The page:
Jennifer Graham, of Cromwell, asks :-
Many years ago I saw a rainbow with another upside-down sitting on top of it. I have never heard of anyone else reporting this. How could it happen?
John Campbell, a physicist at the University of Canterbury with an interest in optics in the atmosphere, responded.
It could have been a special case for a rainbow or it might have been a sun halo from ice crystals.
A rainbow requires looking towards water droplets (rain, spray, etc) with a bright white source of light (sun, moon, lightning bolt etc) behind you. The rainbow is part of a complete circle at an angle of 42 degrees centred on the line between the sun and our eyes (about four expanded hand-spans at arm's length for the arc).
A rainbow over smooth water could be reflected off the water but would result in two bows (arcs of circles) the same way up but with one centred higher up than the other.
I think the only way to see a rainbow plus an upside down one is if you were looking at rain over very flat water. Then there would also be an upside down rainbow below the normal one. The upside down one would be the lower arc of a rainbow caused by sunlight being reflected off the water and up to the raindrops.
Another possibility is you saw a halo about the sun when there were ice crystals in the cool atmosphere because that sometimes gives the appearance of one "rainbow" with another but inverted "rainbow" above it.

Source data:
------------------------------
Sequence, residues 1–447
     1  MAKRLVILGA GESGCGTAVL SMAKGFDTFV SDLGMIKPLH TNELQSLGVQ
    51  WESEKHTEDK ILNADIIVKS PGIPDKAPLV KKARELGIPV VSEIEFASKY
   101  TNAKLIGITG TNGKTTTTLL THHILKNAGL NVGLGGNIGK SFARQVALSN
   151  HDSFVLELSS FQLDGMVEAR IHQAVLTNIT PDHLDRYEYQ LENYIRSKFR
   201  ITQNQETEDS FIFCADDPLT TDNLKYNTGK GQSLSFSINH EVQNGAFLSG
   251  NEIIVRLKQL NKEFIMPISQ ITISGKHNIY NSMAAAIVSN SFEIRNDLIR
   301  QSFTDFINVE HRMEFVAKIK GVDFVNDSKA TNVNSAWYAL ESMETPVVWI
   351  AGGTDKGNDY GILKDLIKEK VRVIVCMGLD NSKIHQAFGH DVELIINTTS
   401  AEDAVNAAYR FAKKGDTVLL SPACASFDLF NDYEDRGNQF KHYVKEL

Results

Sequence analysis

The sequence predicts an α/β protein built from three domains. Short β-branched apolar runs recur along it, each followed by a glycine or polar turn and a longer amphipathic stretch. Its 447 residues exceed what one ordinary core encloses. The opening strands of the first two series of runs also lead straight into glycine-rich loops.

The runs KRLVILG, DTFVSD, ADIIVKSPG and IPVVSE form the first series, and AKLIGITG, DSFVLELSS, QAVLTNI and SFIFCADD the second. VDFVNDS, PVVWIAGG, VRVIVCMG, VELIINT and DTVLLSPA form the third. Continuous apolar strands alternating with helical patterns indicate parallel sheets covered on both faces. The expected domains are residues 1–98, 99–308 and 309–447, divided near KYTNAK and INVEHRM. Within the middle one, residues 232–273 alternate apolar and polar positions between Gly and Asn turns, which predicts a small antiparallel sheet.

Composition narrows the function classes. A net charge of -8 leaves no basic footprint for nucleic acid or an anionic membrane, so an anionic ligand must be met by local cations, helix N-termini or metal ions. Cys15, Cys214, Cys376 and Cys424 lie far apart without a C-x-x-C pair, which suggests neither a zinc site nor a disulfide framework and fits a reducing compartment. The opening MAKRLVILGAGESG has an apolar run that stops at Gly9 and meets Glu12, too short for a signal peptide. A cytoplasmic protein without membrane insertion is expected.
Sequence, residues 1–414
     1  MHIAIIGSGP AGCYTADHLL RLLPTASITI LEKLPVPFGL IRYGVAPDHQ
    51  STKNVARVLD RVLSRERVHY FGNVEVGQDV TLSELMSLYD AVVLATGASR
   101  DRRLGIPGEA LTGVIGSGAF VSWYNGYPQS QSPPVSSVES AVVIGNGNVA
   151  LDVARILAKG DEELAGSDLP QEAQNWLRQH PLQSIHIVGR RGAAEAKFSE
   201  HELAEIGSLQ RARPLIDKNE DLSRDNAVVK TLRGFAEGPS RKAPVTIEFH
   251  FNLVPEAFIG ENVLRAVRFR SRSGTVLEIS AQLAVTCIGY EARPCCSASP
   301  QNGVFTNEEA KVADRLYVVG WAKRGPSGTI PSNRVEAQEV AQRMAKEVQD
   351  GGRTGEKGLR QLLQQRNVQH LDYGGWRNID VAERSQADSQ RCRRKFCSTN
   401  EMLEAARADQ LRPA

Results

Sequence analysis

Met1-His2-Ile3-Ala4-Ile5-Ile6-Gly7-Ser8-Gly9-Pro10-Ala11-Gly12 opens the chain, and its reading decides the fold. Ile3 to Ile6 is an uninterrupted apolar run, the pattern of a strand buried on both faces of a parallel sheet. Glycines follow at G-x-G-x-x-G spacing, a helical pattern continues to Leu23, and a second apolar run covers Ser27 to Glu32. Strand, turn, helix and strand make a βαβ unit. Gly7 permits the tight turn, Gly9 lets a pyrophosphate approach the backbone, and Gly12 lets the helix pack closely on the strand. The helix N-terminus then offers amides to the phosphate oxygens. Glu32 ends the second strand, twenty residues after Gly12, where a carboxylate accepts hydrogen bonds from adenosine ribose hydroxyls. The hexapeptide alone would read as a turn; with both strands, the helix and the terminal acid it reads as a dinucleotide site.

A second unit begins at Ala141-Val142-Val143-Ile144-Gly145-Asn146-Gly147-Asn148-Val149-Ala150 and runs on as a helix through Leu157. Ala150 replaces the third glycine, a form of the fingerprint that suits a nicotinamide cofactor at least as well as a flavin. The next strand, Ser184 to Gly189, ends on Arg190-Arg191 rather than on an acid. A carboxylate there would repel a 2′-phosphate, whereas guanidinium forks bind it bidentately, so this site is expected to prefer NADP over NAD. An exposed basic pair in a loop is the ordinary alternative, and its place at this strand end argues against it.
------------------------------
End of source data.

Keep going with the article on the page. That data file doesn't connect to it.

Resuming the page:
When air cools the water vapour dissolved in it condenses out in liquid form (water). It takes a bit of dust or some other impurity for it to nucleate on. First as fine mist, then clouds, then raindrops. It is more energetically favourable for a drop to grow than another form.
If the higher atmosphere is very cold the water vapour may sublimate into a solid, an ice crystal. Because of the shape of the water molecule it forms a hexagonal crystal which grows outwards at the edges, forming a thin, hexagonal-shaped crystal, either a flat plate or a long needle. These form the thin clouds called cirro-stratus.
A light ray from the sun will enter one edge of the hexagon and, because the speed of light slows down in ice, it emerges from another face having been deviated (by a 60 degree ice prism). Because the speed of light depends on the frequency (colour) of the light the halo is coloured much like a rainbow. The minimum angle of deviation is 22 degrees, half the angle of a water-drop rainbow. Because the sunlight can enter the crystal at all orientations many bows are possible, some appearing upside down. A Russian observer of a 1794 event sketched seven bows forming an overall weird pattern about the sun.
These crystals (thin plate or needle) "float" horizontally if the atmosphere isn't turbulent. When the Sun is low the effect is greatest but the colour display appears only as a rainbow patch on either side of the sun. These are often seen in winter (low sun with cold stable thin high clouds) and are called sun-dogs.
So the basic question to ask is, were you looking away from the sun or towards the sun at the time and was there a possibility of reflection from smooth water?